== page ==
Jerkin-style shirt - ROM2005_5267_1

ROM2005_5267_1

Jerkin-style shirt

Maker: Made by Frank Walking Sun's wife, Nakoda (Assiniboine)
Medium:Beaded hide
Geography: Carry the Kettle Reserve, Saskatchewan, Canada
Date: c. 1907
Dimensions:
70 × 85 cm
Object number: 913.14.390
Credit Line: Edmund Morris Collection
On view
Gallery Location:Daphne Cockwell Gallery dedicated to First Peoples art & culture
Description

Possibly owned by Yellow Tent (also known as Joe Dummy or Gives Away), as identified in an Edmund Morris photograph (322, Morris Collection, Manitoba Archives).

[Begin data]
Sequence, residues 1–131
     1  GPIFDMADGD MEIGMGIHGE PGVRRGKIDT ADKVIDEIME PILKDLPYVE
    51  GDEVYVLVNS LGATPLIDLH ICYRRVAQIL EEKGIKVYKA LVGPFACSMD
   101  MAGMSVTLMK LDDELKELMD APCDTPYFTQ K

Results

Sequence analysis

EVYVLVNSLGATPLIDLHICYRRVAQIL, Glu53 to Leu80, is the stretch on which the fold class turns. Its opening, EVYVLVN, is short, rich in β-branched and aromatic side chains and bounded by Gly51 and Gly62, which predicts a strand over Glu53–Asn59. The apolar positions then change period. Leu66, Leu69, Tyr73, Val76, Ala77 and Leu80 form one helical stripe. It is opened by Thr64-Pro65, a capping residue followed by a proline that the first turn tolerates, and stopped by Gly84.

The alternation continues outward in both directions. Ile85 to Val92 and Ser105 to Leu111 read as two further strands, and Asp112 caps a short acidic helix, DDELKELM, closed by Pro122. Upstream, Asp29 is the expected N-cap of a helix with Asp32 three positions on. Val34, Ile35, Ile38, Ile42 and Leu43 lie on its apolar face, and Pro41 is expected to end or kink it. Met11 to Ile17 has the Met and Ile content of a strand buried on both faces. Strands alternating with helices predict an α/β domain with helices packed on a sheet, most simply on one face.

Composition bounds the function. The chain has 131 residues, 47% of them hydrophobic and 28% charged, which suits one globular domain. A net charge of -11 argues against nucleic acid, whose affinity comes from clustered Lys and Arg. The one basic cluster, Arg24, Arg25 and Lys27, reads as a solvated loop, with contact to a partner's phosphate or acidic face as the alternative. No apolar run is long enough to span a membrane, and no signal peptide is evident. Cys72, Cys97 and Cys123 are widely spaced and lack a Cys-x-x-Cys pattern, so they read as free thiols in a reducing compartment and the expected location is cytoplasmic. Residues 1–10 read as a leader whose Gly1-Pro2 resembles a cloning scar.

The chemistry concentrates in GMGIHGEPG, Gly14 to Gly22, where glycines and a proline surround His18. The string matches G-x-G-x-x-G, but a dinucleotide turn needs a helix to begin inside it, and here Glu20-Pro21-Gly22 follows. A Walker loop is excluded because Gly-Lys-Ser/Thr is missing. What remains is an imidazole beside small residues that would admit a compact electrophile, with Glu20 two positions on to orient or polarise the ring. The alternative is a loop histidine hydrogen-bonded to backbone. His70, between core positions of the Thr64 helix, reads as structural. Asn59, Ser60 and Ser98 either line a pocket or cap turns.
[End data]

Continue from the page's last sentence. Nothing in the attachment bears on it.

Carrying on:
Edmund Morris lived from 1871 to 1913, a period of rapid transition in which the Plains Indian tribes shifted from nomadic dependence on the buffalo to settlement on parcels of land called “reserves.” From 1907 to 1911, Edmund journeyed to reserves in the newly formed prairie provinces to create an intimate and thoughtful record of Indian life through pastel sketches, photography, the written word, and a collection of artifacts. As the youngest son of Alexander Morris, the Lieutenant Governor who negotiated most of the Plains Indian treaties, Edmund had a deep commitment to his task. His work provides remarkable insight into the lives of the Plains people and their communities. In 1913 he donated his extraordinary collection of artifacts and his diary to the Royal Ontario Museum, the same year the Province of Ontario transferred to the musuem its collection of 58 Plains portraits by Morris.

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